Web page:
Cider has been made in pastoral areas of Britain and north-western Europe since ancient times and the techniques of rural cider makers are still in use today. This book explains the methods and traditions of the rustic orchardist and farm cider maker and describes the procedures of the travelling Victorian with his portable cider mill and press. The author also discusses modern, factory-based cider production, influenced by the time-honoured customs of the past, yet adapted to producing large quantities of cider for the mass consumer markets of the twentieth century.
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Michael Quinion was the first Curator of the Museum of Cider at Hereford, Britain's specialist museum of orcharding and cidermaking. As well as supervising the development of the museum, he organised a broad programme of research into the history and technology of cidermaking, including conversations with over six hundred farm cidermakers past and present. Michael Quinion was previously a BBC radio producer and later ran a business creating audio-visual programmes for heritage sites. After leaving the Museum he co-founded a national consultancy in heritage development, Touchstone, for which he continues to work as a freelancer. His other main interests are lexicography and computer programming.Review:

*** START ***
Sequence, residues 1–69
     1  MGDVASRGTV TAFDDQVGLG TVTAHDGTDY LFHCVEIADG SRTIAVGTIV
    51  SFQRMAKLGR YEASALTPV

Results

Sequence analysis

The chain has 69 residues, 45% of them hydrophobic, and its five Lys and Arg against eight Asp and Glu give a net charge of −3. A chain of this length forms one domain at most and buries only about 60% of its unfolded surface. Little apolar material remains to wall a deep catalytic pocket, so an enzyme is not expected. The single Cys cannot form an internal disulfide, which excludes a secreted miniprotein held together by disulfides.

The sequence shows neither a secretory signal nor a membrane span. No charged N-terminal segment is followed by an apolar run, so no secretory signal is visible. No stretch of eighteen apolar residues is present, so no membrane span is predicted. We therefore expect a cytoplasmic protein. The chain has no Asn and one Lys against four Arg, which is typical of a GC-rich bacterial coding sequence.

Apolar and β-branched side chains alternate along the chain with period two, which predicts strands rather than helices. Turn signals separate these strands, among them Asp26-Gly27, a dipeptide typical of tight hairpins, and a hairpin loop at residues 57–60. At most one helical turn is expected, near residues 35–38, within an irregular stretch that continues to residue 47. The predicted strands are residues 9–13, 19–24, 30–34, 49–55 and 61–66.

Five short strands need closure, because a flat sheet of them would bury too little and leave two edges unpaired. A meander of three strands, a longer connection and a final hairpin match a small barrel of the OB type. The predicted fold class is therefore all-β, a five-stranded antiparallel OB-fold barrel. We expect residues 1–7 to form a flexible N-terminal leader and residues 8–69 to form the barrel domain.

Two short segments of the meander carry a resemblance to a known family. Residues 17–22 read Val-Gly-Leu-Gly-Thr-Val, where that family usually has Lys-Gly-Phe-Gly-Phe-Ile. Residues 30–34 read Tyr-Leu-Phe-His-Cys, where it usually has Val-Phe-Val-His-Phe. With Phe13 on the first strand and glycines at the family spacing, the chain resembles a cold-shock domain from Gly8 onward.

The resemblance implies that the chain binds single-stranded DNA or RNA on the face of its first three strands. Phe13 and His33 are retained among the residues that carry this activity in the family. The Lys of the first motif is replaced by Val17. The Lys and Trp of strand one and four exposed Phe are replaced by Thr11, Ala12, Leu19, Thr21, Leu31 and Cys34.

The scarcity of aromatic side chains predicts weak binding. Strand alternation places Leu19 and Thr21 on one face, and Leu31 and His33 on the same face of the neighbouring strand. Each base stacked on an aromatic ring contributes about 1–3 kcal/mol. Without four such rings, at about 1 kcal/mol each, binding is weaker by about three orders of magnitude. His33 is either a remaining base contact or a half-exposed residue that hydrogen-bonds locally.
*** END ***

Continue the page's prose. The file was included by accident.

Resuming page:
"This slender 32-page paperback, with its newspaper-quality black-and-white photos and no-nonsense layout, provides an overview of this age-old craft. The book explains the techniques and traditions of the rustic orchardists of Britain and northwestern Europe. Not exactly a how-to book; it's more of a genteel discussion of a fine traditional rural handcraft." -Renaissance Magazine (August 2009)
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